In a piece for the New Yorker, Jelani Cobb explains how the Obama presidency has "validated both our hopes and our fears and given dueling legitimacy to optimism and cynicism simultaneously."
… There is an obvious downside to this familiarity with the obstacles implicit within a black Presidency. Obama at times tends toward insouciance regarding black voters who, epidermal affiliations aside, nonetheless represent roughly a quarter of his electorate and the single largest and most reliable voting block in the Democratic Party. That casual arrogance was on display when he warned the Congressional Black Caucus (already wavering in their support for him) to "stop complaining," during a speech in 2011. There are moments where even amid the racial minefield his Presidency inhabits, he appears to have been let off easy; black America has settled for a brother who feels our pain, rather than evaluated how effectively he’s alleviated it. Yet even this frustration yields layers of complexity …
Even slick, encrypted racism might inspire a kind of historical reflux, remind us of the terrible limbic appeal of bigotry, and put us collectively in a bad head space. Things have changed, just not the things that many of us suspected on Election Day.
Malcolm X occupied a similar crossroads in American history, a point at which a vast chunk of history had fallen away and a new vista of possibilities emerged. His criticism of integration inspired a view of him as the antithesis of the movement associated with King. A more subtle reading of him suggested that he was a herald who saw more starkly than many the unpaved places in the road ahead. The demise of segregation was as stunning to his generation as the election of Barack Obama was to this one. The troubles and complexities that would follow both those events were seemingly cloaked by momentous victories — encrypted, as it were, by the tides of change.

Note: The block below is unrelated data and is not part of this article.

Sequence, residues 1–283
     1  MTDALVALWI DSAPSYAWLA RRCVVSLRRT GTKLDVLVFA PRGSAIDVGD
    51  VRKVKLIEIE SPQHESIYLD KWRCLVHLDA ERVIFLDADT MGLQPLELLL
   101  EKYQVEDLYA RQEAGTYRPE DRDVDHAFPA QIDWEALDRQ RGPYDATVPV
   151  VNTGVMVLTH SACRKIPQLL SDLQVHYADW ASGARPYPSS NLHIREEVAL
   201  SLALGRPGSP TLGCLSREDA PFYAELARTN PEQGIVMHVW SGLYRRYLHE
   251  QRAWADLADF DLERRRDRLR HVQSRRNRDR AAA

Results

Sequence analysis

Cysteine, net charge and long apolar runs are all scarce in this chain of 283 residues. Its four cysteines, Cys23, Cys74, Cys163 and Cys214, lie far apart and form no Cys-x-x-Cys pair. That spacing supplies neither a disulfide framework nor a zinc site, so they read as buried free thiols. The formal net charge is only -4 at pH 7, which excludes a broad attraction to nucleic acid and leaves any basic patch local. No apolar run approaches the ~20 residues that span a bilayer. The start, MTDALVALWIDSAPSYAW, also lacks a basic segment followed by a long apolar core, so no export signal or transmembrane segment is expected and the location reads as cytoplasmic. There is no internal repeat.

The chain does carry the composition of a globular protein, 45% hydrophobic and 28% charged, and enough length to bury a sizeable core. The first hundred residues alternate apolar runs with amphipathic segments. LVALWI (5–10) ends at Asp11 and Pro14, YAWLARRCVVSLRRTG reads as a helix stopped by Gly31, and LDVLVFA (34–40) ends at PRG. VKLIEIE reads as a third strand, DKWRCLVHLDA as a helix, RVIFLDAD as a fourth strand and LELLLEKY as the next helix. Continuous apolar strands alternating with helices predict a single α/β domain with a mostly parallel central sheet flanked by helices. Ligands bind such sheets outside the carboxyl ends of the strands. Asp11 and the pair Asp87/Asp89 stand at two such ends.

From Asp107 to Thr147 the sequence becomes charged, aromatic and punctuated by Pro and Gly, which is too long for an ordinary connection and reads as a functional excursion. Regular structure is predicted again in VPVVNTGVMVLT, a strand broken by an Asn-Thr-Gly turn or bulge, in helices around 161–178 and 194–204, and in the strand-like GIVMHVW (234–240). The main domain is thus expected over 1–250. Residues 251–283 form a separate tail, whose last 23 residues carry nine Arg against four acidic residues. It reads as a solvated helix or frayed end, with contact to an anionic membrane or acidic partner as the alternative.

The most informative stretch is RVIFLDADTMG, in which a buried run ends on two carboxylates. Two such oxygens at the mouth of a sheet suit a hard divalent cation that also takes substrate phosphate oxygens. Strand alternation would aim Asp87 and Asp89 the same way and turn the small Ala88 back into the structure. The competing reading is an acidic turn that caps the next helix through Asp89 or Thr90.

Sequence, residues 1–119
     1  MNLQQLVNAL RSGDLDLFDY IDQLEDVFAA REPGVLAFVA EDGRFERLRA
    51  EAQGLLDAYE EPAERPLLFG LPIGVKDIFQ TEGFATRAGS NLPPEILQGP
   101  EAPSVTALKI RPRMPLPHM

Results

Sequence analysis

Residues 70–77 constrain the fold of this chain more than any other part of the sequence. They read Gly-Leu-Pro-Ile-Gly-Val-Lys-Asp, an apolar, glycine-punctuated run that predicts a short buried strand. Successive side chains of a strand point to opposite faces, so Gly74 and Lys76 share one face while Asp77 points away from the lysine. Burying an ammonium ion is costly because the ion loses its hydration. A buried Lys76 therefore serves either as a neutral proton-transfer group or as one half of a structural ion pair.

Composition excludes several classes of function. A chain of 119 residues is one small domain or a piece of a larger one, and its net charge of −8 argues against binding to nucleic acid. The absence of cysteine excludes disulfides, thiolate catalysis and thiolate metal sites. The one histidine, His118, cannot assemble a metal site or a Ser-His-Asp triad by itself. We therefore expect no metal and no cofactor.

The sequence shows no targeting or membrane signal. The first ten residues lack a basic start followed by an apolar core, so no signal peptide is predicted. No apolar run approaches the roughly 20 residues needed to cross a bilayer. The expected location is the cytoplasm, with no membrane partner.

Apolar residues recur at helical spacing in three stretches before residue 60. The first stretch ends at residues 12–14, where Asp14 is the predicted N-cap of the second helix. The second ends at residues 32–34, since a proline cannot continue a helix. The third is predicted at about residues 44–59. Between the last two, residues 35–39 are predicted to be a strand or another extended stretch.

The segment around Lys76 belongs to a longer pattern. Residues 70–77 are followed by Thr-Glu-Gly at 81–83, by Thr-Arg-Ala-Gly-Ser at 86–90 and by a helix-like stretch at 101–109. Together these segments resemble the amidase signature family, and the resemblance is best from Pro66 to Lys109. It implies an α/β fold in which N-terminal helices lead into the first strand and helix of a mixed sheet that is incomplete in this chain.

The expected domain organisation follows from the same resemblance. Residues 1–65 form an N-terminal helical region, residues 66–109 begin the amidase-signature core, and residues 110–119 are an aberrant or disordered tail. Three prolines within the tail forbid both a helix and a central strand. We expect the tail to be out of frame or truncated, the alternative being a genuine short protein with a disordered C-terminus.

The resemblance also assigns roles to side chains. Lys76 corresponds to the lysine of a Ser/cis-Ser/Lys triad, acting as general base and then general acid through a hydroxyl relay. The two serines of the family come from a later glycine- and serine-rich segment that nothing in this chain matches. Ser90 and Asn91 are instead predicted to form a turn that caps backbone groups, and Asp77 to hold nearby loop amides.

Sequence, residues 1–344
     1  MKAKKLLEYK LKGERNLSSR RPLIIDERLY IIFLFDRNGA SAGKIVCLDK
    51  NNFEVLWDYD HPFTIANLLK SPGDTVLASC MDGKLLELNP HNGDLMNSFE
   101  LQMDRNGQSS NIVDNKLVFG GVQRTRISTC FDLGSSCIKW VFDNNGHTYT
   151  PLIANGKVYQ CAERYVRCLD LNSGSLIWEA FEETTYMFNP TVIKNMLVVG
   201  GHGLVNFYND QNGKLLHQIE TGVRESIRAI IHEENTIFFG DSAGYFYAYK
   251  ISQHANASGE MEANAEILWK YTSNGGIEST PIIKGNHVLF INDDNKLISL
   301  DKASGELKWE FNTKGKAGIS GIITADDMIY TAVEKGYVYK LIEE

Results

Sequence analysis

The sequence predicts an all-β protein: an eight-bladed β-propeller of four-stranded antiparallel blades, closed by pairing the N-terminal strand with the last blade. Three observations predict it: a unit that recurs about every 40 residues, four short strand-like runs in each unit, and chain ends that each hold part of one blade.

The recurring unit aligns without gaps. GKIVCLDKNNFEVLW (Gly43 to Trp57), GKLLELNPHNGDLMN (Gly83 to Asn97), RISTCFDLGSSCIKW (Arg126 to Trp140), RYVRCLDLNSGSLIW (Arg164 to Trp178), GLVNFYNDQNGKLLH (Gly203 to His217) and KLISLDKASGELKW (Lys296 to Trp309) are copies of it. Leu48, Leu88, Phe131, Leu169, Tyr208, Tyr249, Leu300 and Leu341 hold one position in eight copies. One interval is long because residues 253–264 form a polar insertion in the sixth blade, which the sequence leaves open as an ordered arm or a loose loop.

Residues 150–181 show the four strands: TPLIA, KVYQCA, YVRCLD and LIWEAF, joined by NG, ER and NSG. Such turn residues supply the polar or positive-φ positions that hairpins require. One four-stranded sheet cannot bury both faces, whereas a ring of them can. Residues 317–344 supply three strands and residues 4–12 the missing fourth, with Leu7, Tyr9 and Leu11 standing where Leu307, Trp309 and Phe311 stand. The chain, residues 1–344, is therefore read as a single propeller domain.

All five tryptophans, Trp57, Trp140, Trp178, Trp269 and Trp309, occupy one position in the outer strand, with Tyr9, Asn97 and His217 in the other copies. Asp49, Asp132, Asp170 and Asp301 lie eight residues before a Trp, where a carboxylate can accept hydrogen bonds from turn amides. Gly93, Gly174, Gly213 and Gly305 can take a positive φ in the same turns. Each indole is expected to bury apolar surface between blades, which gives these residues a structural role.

The Obama Presidency has thus far validated both our hopes and our fears and given duelling legitimacy to optimism and cynicism simultaneously. It has pitted the audacity of hope against the recalcitrance of memory. If his election validated the ideals of King, what has happened since then lends credence to Malcolm X. What remains clear is that whether it’s a function of defiance or affirmation, Obama has already been inducted into a narrative black America tells itself, one in which we are the central characters and we are the primary deed-holders to our own triumphs. Whether or not he is reëlected is secondary to this concern. The more enduring question is whether black people will maintain a broader faith in America because a black man has been elected President, or despite it.
Read Jelani Cobb's entire piece at the New Yorker.
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